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Gandalf the Gray


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Thanks for trying the darker background -- glad you agree that the darker background helps (and thanks for mentioning my post).

This dark gray background works well, especially since your "gray" paint included the tinges of orange and blue. On future figures, you might have to experiment with making the background browner or grayer, in case the figure is blending into this particular gray.

 

I like the liveliness of your warm & cool "gray", but here I think it works against your OSL. The cold blue-white of this OSL would be more striking if you avoided using blue in the shadows on the rest of the figure: cold (blue) highlights from the OSL, warm (brown) shadows, maybe neutral highlights on the areas not illuminated by the staff.

 

The highlights simulating the light from the staff look best in the lower-right shot, on his left arm and on the hat. You could make an even greater distinction between the lights and darks, to enhance the illusion that the staff is the strongest (or only) light source. First paint the whole figure darker than you would normally paint it, and then add the OSL highlights. If the rest of the figure appears too dark or dull, bring it up when you can see how they look juxtaposed with the OSL highlights. You could make a sharp edge of the OSL highlights on his face/beard/wherever the line should go: this would simulate the shadow cast by the brim of his hat. And in this "shadow", you could add subtle highlights on the underside of his brow, nose, etc., to simulate where the light has bounced off his beard or robe and is then reflecting _up_. This might be too small to be noticeable on a 28mm figure, but it's something to consider.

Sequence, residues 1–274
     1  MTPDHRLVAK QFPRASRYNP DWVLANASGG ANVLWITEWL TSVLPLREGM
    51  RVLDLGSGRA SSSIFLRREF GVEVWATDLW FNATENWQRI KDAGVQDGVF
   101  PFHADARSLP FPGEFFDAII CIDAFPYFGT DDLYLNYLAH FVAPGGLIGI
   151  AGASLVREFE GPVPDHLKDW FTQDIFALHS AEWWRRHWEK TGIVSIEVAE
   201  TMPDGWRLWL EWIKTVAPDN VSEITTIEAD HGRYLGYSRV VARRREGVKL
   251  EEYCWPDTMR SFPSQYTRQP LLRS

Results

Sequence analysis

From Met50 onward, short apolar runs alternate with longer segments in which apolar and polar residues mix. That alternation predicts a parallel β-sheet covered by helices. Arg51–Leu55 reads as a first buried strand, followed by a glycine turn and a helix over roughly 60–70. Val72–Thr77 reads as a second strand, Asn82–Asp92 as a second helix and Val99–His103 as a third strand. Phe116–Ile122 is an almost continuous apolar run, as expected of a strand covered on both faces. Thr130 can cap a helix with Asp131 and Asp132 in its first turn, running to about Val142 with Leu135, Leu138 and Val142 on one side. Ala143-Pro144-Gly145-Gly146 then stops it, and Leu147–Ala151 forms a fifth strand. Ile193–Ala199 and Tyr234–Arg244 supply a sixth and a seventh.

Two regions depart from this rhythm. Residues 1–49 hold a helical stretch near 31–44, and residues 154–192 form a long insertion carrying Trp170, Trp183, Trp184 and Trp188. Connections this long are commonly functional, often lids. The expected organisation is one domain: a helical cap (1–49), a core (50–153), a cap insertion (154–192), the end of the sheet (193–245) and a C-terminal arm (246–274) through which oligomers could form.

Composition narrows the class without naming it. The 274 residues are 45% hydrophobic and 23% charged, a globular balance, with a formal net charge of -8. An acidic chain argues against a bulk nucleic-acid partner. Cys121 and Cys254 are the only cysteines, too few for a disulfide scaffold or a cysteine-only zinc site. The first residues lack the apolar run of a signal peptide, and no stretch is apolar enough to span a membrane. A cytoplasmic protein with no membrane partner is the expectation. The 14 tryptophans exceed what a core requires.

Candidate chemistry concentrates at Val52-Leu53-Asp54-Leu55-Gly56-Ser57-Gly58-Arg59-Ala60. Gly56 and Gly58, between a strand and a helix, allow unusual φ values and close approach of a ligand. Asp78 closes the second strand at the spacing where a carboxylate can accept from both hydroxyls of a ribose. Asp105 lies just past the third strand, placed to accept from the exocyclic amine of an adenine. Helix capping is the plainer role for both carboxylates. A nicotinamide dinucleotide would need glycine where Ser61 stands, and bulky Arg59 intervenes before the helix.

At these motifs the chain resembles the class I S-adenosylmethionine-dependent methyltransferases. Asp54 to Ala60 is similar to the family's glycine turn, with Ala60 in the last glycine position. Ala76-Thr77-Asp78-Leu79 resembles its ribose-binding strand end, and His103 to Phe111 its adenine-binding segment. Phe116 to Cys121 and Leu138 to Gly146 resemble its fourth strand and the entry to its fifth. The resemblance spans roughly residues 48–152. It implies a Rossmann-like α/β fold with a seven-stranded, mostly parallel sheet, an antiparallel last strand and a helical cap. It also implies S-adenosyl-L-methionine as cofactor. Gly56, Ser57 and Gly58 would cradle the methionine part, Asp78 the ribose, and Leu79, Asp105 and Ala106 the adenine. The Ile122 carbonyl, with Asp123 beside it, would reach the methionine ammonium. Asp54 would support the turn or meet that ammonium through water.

The NMM sword, too, looks excellent on its own -- good contrast and smooth blends -- but its highlights seem about as bright as the "light" on the staff. This makes me imagine other light sources near the sword that are reflecting off the blade. When I do OSL, I'm careful to reserve the highest values (closest to white) for the thing that's shining and for the places where the light is reflecting from a shiny surface.

 

Here's another post where I wrote about OSL:

Link to another post about OSL

 

Looking forward to seeing future OSL work from you.

 

Derek

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The NMM sword, too, looks excellent on its own -- good contrast and smooth blends -- but its highlights seem about as bright as the "light" on the staff. This makes me imagine other light sources near the sword that are reflecting off the blade.

The sword was forged by the elves of... [thinks hard] ...Gondolin, who named it Glamdring and under the right conditions it could be its *own* light source... :unsure: ...it's all way better than I know how to paint.

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Mama (may I call you Mama? :poke:), like most of the responders I liked the subtlety of the OSL on Gandalf. The naturalistic colors really work well, with the exception of the cold shading Derek mentioned, which is competing with the OSL effect.

 

I think there's two things that bother me, in addition to the critiques you've gotten already. Really malefactus struck the nail on the head for me on the first one. While OSL can be subtle, the source should be clear (or it's implied direction obvious - in the case of off-scene lighting.) Gandalf's staff needs to be a notch lighter than the highlights, even the lighter than the ones on his hat.

 

Check this pic out. Yes, the movie lighting is necessarily harsher, but the crystal on his staff is obvious. It's just one notch above the lighting on the hat, but it's enough.